So do your bit for the environment: walk to local events rather than taking the car. Don't leave your TV or stereo on standby. Don't leave the tap running when you clean your teeth. If you find you're throwing food away every week, buy less. Compost your kitchen waste, rather than chucking it in the bin. And sort your garbage so that as much as possible can be recycled.
Why not follow ITV's example? Their main programme last night - the 50 greatest adverts of all time - was almost completely made from recycled materials...
Something else to put you off air travel: the premiere of season 2 of "Lost" hits screens in the US tonight. Don't expect too many answers, though: that's not what a series like this is about. I enjoyed this Newsweek article about the show because it had no illusions about the purpose of such shows as Lost, The Fugitive or The X-Files: their sole aim is keep viewers watching, week after week.
In the short term that's easy to do, but a show's success depends upon how the writers maintain interest after the main questions have been set up. As the Newsweek article says, writers keep us hooked by giving us answers to minor, secondary plot points every now and again, but nothing important is ever resolved. How could it be otherwise? Resolution would mean the end of the series. The challenge for television stations then becomes one of seeing how long they can string us along before we realise that the show has jumped the shark (that is, begun its terminal decline) and switch off - thus depriving them of the ability to demand high rates for advertising during the programme. The review has one standout comment about season 2 which is very telling in this context, and absolutely true:
"In a perfect world, this would be the last season of Lost."
Meanwhile here in the UK, Channel 4 has only got as far as episode 8 of series 1, which is broadcast tonight. As for me, I will be watching in Dolby 5.1 from now on: my copy of the DVD boxed set has arrived.
Before anyone sends me the link to the preposterous "Solar system about to be dissolved by interstellar dust cloud" story that's doing the rounds at the moment, please be advised that it is untrue (duh!) and you don't need to bother.
If you don't know what I'm on about, never mind - I'm sure you'll get at least one copy of the email before too much longer...
After 20 years, NASA looks like it's getting serious about going back to the moon. Well, they've released a nice set of pictures, anyway. The schedule culminates in putting four people back on the Moon by "as early as" summer 2018 - in other words, the programme is allowing about twice the amount of time that it took the Apollo programme to get there.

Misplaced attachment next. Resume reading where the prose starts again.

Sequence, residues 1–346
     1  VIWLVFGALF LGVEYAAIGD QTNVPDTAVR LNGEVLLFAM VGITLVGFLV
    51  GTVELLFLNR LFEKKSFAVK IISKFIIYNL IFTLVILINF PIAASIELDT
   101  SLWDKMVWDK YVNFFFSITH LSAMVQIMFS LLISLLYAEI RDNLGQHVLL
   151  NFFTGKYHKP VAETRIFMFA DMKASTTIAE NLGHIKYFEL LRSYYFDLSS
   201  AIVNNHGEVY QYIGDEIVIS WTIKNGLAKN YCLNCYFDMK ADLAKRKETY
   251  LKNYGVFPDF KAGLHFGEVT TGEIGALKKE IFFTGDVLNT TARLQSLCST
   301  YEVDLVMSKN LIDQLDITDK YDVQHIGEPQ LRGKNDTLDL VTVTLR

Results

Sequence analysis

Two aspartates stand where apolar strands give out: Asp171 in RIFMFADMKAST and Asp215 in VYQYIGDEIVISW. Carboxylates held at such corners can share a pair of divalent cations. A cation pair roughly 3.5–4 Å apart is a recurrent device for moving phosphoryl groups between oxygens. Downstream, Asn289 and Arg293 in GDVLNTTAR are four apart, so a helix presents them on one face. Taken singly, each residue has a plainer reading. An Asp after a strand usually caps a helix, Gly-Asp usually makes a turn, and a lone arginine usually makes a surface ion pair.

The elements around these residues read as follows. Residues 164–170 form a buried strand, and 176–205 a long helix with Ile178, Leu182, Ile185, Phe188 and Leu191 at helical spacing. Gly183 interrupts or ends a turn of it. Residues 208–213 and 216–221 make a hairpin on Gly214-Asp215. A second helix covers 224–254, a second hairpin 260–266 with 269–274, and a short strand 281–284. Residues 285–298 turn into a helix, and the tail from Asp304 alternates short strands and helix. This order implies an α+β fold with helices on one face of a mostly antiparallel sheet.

Future plans include a moon base which, if it gets built, is very good news. Having a permanent base on the Moon is a far more significant step for space exploration than a one-shot mission to Mars could be. It opens up the Moon for serious, long-term exploration, but more importantly the Moon's gravity well is only a sixth as deep as the Earth's. That means that once you have the ability to assemble spacecraft on the Moon, they can carry a much greater payload than if you launch them directly from Earth, which means being able to do a lot more science. The Moon itself would also make a superb science platform: having a telescope the size of Hubble or larger on the Moon would be tremendously valuable - and it would be a darn sight easier to maintain with a moon base next door.
The Emmys were handed out last night, and with the exception of Hugh Laurie, it looks like most of the favourites got awards. Lost did well, getting best director and best drama, although when you've got a boundary-breaking series like Lost, there's so much more you can do with direction, so it was a bit of an unfair competition. It was nice to see Bill Shatner picking up the best supporting actor award again, too: the man's a superstar.
Artists have been inflating a giant pink bunny rabbit which, it is hoped, will er, "grace" a mountainside in Italy's Piedmont region for the next 20 years. Someone is very definitely having a laugh.
Yes, the UK has done it again, and we've come top of the chart. Unfortunately, the chart we're talking about here is the list of countries with the greatest numbers of compromised computers. Folks in the UK still aren't practising safe computing, with the result that 32% of all bot-related virus activity originated here. I know I've said this before, but it bears repeating - make sure that your computer isn't one of them. Make sure you're got up-to-date anti virus software installed and get a decent firewall. If you have a Windows-based system, make sure you install the latest updates together with protection software such as Spybot Search and Destroy and AdAware or you may find your PC isn't yours any more.
Shiver me timbers: as I warned all ye landlubbers last week, today be International Talk Like a Pirate Day, me hearties, so batten down yer hatches and splice the mainbrace, and the last one to join in buys the grog fer the rest of us, so they do...
The BBC have details of the controller for Nintendo's next game console, the Revolution. You're only going to need one hand to play it, and motion sensors in the controller will "allow it to be used as a virtual sword, baseball bat or racket." If they've got that functionality to exploit, I think the games for the Revolution could be very interesting indeed.
Back on the 8th of this month I was talking about how many solar flares the Sun has produced recently, despite the fact that it's supposed to reach the minimum part of its 11-year cycle next year. Today I found an interesting article on NASA's website that discusses what's been going on in more detail, although their general conclusion seems to be "we don't know." Cold winters have long been associated with solar inactivity; given the Sun's behaviour at the moment I don't expect we'll see much snow this winter here in the UK.